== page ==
At his price point, he’s in a similar range to Caleb Serong, Patrick Cripps and teammate Tim Kelly. As discussed with these other players, at his price in DreamTeam and SuperCoach, he’s priced too high to be considered a stepping stone. But that’s what a Matt Rowell is. At his price point in the early ’80s, he must become a premium for you and be someone you intend to retain for the entire season. To do this, he needs to average a minimum increase of 20 points per game of growth to warrant it. Can he do that? History says yes, but the durability concerns are there. If you were to contrast him to Serong, both have question marks. Yeo isn’t around scoring potential; that’s proven. But can we get sufficient games from him?
His bye round in 13 is a solid space to be in. Especially in AFLFantasy, where you get multiple trades a week, he could easily be traded to a round 12 premium coming off the bye. Turning Yeo into Jack Steele, Josh Kelly, Ollie Wines, Sam Walsh, Darcy Parish, or even Zach Merrett has an excellent play to it.
I currently have Yeo on my preseason watchlist. If he can have a faultless rest of the preseason, play in the community series and move freely, then he’s got 15-20 points of value in him. And he’s good enough to be an M8 by seasons end. If not, then he’ll be on the watchlist as a trade target for midseason.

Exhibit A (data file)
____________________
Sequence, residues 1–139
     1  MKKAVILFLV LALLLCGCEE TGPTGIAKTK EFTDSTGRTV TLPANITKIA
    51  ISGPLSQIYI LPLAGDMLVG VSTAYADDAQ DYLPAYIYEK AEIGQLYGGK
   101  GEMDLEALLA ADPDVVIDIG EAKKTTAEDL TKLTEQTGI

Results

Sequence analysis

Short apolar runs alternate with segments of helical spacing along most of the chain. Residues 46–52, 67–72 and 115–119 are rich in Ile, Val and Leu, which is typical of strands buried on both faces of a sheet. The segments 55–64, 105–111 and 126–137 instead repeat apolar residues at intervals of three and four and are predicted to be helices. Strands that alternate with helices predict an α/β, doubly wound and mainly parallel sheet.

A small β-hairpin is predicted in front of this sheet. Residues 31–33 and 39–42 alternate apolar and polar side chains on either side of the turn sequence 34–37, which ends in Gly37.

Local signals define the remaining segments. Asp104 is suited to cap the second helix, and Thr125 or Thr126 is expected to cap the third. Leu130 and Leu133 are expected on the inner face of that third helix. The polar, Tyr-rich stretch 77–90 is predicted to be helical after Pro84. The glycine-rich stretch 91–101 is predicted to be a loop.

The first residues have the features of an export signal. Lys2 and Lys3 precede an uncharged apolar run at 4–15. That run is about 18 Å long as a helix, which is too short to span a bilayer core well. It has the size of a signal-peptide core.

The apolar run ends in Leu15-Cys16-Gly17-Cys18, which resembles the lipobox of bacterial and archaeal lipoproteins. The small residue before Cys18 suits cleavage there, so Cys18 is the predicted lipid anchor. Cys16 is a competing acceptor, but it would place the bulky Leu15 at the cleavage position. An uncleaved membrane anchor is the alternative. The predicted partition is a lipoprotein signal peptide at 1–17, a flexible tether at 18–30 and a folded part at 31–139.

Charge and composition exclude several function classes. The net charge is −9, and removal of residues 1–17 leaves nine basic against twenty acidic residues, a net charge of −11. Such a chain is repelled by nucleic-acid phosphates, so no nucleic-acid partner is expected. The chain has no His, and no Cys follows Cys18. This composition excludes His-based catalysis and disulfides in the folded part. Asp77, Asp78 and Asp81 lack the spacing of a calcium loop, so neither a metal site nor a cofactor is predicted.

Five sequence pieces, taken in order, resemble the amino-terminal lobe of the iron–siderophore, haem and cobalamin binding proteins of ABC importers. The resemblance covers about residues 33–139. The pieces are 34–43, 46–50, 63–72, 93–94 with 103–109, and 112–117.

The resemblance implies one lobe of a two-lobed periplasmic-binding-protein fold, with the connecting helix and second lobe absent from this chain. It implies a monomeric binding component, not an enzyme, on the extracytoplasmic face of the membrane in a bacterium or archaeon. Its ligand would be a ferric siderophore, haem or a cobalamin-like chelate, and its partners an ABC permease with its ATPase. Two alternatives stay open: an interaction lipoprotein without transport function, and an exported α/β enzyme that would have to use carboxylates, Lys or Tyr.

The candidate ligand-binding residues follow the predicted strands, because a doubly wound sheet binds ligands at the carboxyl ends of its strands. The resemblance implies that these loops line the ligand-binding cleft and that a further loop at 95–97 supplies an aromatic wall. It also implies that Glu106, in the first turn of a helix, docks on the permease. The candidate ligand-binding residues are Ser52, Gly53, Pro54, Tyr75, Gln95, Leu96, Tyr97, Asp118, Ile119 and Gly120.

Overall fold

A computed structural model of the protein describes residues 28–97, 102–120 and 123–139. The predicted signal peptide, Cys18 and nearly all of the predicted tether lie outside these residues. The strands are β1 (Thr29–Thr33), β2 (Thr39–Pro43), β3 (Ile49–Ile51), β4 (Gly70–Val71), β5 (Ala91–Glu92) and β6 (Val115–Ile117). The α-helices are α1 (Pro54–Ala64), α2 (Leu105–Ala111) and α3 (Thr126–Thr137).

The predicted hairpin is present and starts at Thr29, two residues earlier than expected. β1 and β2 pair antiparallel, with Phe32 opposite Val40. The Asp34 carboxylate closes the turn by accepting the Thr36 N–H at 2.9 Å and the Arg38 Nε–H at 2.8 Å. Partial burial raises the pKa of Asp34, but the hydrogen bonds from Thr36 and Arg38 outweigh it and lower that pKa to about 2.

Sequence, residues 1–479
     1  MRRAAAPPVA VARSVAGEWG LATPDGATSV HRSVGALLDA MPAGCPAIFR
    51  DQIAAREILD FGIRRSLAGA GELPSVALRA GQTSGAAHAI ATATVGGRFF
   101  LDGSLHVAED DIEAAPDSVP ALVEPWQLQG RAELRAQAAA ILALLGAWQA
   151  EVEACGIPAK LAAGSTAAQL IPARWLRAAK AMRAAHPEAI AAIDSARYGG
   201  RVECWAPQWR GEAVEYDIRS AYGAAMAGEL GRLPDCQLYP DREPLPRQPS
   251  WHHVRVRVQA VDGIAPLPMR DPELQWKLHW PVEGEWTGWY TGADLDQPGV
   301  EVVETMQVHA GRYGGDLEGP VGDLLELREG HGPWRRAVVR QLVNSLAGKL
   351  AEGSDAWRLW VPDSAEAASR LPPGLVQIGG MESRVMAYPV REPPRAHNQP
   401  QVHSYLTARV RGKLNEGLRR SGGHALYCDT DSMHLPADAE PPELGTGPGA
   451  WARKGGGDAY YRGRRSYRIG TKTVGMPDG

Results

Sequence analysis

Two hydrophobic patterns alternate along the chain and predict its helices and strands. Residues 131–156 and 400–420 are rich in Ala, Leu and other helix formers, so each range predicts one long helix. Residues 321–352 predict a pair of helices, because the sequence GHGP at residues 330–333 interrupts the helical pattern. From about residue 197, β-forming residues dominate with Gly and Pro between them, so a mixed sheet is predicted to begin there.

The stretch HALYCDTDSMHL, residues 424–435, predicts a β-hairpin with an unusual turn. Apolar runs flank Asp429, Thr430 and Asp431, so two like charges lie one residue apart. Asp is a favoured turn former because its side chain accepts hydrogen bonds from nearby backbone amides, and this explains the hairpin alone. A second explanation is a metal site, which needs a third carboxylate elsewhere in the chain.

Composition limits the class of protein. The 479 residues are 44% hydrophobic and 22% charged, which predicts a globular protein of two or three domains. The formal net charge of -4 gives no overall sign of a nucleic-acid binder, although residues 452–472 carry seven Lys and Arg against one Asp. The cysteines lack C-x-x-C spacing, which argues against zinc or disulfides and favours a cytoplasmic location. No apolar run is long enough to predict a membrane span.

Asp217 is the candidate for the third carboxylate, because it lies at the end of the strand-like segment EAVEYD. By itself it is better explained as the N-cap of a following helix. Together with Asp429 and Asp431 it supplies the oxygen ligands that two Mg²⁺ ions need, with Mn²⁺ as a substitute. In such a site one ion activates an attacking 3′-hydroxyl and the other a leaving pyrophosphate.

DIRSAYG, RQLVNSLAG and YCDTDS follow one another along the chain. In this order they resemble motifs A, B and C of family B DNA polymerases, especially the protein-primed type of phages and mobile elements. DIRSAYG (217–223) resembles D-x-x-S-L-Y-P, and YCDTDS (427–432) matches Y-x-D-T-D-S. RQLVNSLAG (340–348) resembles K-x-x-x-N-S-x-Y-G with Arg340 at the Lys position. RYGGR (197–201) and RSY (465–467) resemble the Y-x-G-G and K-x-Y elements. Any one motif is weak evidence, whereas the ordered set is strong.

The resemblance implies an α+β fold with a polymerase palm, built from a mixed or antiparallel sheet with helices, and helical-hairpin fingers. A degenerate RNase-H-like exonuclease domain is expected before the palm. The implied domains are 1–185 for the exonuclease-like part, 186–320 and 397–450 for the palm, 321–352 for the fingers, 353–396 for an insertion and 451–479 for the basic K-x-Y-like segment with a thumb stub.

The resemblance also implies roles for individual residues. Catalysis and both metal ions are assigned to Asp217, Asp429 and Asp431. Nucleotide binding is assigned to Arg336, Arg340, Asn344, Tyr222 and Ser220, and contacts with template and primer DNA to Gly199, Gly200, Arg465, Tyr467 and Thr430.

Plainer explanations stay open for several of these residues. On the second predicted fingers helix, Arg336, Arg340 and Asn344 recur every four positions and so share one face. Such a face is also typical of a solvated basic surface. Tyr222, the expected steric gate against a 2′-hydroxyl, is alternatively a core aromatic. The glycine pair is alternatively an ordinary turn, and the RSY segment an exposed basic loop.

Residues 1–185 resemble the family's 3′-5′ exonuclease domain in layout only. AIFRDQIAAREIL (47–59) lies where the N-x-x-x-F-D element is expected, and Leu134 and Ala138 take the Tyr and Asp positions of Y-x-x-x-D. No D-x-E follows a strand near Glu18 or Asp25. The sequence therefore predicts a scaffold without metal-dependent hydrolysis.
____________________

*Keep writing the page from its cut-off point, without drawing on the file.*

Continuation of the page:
Where Elliot Yeo goes on your draft day will be determined by two things. One when you host it in contrast to the season starting. And secondly, how Yeo is travelling. I believe this season that if you don’t land some quality forwards in the draft early, you could be in trouble. Given the lack of topline depth in this line this year, we might prioritize them more than usual.
Because of this, a player of Yeo’s scoring potential, regardless of injury concerns, will slide later than he has for the past few seasons. So if you want to own him, you’ll probably have to use an M3 position on him. However, that’s a worst-case scenario regarding how early he goes. What’s more likely is he’s an M4 off the board, maybe even five if people have low confidence in his body.
I’d love to take him at M4 and then support this pick by drafting an extra midfield bench depth spot if he struggles early on.